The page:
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Irina Stefuriuc, "Government Formation in Multi-Level Settings: Spanish Regional Coalitions and the Quest for Vertical Congruence," Party Politics, 15 (January, 2009), 93-115..

First paragraph:
Coalition formation is one of the main challenges that political parties face in decentralized political systems. Still, it has received surprisingly little attention from scholars of party politics in multi-level settings. In unitary systems, coalition formation can be a complex game, yet the determinants of coalition formation at the national level belong mostly to the same level of party action. National-level governments generally respond to national-level stimuli, such as parliamentary and party system characteristics, party organizational features and, more generally, the structure of national electoral competition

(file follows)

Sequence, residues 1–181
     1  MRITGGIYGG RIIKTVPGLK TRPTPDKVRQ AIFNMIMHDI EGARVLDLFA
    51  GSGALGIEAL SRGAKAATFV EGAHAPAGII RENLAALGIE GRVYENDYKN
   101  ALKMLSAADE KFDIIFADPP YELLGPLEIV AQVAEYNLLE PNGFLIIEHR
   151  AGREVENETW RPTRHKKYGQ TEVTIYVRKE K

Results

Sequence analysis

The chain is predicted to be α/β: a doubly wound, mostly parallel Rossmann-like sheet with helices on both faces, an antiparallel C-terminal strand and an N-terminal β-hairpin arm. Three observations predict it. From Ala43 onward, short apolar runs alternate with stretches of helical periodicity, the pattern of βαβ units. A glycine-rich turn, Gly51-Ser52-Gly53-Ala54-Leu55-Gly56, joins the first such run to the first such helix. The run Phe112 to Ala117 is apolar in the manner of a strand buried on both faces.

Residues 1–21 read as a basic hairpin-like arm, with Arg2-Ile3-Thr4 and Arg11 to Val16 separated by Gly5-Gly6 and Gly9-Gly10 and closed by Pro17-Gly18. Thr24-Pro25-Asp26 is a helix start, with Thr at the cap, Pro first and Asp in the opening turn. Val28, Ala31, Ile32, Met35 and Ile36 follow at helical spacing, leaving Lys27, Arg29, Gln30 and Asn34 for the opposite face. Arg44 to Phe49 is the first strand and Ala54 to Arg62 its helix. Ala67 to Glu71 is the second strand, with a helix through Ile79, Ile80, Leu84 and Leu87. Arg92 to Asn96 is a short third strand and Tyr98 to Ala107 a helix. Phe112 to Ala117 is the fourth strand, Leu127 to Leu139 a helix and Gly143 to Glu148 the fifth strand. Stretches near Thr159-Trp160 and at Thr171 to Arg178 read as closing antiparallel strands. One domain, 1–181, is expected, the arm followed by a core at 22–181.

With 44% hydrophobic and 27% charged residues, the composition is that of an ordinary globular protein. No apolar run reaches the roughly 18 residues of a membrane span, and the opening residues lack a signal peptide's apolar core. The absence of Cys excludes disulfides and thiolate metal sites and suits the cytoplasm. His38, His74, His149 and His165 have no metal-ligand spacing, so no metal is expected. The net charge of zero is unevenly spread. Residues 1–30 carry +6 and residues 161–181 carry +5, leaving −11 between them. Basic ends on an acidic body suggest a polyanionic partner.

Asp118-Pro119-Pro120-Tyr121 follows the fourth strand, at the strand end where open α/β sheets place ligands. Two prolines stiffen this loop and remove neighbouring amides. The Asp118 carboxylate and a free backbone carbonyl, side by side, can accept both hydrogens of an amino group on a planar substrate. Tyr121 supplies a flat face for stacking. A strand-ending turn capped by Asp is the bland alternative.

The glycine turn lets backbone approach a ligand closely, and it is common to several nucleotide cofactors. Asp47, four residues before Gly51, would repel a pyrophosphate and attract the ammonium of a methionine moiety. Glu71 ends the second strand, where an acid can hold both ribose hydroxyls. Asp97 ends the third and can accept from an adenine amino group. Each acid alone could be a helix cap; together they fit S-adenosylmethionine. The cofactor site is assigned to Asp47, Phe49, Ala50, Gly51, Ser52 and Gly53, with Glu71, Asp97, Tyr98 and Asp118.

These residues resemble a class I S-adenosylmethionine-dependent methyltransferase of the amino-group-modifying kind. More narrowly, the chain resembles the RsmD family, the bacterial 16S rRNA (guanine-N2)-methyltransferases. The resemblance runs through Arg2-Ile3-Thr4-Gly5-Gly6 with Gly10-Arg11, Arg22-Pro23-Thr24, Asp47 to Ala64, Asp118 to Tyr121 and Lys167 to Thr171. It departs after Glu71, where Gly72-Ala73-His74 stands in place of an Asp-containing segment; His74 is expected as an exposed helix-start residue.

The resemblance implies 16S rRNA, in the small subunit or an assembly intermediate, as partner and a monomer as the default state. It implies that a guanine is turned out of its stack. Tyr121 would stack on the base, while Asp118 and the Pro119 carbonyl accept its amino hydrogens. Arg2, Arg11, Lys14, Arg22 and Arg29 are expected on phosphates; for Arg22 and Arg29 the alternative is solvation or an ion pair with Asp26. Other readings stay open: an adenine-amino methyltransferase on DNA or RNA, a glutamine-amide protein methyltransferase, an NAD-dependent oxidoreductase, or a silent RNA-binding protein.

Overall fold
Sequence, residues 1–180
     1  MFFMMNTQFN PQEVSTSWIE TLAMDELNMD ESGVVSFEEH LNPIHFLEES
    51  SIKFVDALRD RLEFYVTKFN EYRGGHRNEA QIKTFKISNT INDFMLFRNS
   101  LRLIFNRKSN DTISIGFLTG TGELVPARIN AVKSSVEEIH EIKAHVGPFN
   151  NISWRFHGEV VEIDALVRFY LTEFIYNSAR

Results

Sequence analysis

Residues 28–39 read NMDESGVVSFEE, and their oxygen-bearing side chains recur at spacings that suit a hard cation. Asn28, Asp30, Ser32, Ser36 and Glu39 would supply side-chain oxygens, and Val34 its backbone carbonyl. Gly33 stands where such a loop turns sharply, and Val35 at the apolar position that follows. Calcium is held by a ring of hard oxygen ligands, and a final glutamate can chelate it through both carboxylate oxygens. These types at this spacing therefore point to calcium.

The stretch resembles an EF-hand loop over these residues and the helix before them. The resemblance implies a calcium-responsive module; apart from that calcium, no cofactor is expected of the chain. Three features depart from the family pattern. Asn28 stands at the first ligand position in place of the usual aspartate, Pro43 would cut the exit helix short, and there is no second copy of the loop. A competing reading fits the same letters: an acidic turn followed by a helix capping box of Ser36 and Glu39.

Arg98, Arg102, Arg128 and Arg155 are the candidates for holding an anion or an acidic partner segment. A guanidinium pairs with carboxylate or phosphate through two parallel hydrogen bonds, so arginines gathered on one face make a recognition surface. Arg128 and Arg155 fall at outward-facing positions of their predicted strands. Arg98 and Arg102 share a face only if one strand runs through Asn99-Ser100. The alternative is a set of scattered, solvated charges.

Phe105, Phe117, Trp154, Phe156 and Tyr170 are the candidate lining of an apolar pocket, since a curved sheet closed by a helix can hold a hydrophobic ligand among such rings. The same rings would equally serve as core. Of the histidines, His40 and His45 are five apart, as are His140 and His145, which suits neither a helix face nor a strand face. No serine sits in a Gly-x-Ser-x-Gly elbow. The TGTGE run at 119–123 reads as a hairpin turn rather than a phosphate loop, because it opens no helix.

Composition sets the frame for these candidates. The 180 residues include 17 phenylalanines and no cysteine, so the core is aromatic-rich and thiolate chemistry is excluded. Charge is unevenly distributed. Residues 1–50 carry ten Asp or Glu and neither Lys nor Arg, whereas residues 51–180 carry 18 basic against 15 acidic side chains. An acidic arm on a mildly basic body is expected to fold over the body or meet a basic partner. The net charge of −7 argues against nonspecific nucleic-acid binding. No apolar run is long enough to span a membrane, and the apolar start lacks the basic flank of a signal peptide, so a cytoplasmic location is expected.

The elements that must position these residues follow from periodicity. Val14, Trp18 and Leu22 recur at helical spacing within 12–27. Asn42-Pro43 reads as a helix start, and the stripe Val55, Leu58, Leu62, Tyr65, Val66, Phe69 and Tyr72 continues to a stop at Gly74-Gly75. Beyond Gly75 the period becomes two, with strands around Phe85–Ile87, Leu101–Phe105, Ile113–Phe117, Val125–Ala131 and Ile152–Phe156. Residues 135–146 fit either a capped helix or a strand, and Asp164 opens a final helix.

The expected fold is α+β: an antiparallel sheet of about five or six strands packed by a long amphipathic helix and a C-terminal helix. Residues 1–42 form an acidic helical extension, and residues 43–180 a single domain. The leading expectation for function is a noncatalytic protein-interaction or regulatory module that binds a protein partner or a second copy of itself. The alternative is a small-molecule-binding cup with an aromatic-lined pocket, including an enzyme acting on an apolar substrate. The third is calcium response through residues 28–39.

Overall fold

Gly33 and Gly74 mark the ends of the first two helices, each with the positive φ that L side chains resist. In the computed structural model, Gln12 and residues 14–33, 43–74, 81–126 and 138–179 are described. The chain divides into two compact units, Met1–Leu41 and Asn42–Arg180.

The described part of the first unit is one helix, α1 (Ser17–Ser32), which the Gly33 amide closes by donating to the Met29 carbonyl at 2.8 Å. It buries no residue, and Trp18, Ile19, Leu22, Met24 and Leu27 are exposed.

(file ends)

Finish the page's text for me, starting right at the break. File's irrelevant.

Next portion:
Figures and Tables:
Table 1. Congruence of government composition across levels
Figure 1. Two-dimensional ideological positioning in Catalonia, 2003
Figure 2. Two-dimensional ideological positioning in the Canary Islands, 2005
Figure 3. Two-dimensional ideological positioning in the Basque Country, 2005
Figure 4. Two-dimensional ideological positioning in Galicia, 2005

Last Paragraph:
Nevertheless, this article shows clearly that congruence is an important variable for coalition formation in multi-level systems. It also shows that a coalition theory that ignores institutional effects and party attributes, or fails to account for possible differences in party goals at different levels, is not going to take us very far in explaining government formation in such settings. That is why we should be cautious before simply testing quantitatively classical coalition models with regional-level data, but rather should supplement this by a qualitative analysis of party strategy.

Last updated December 2008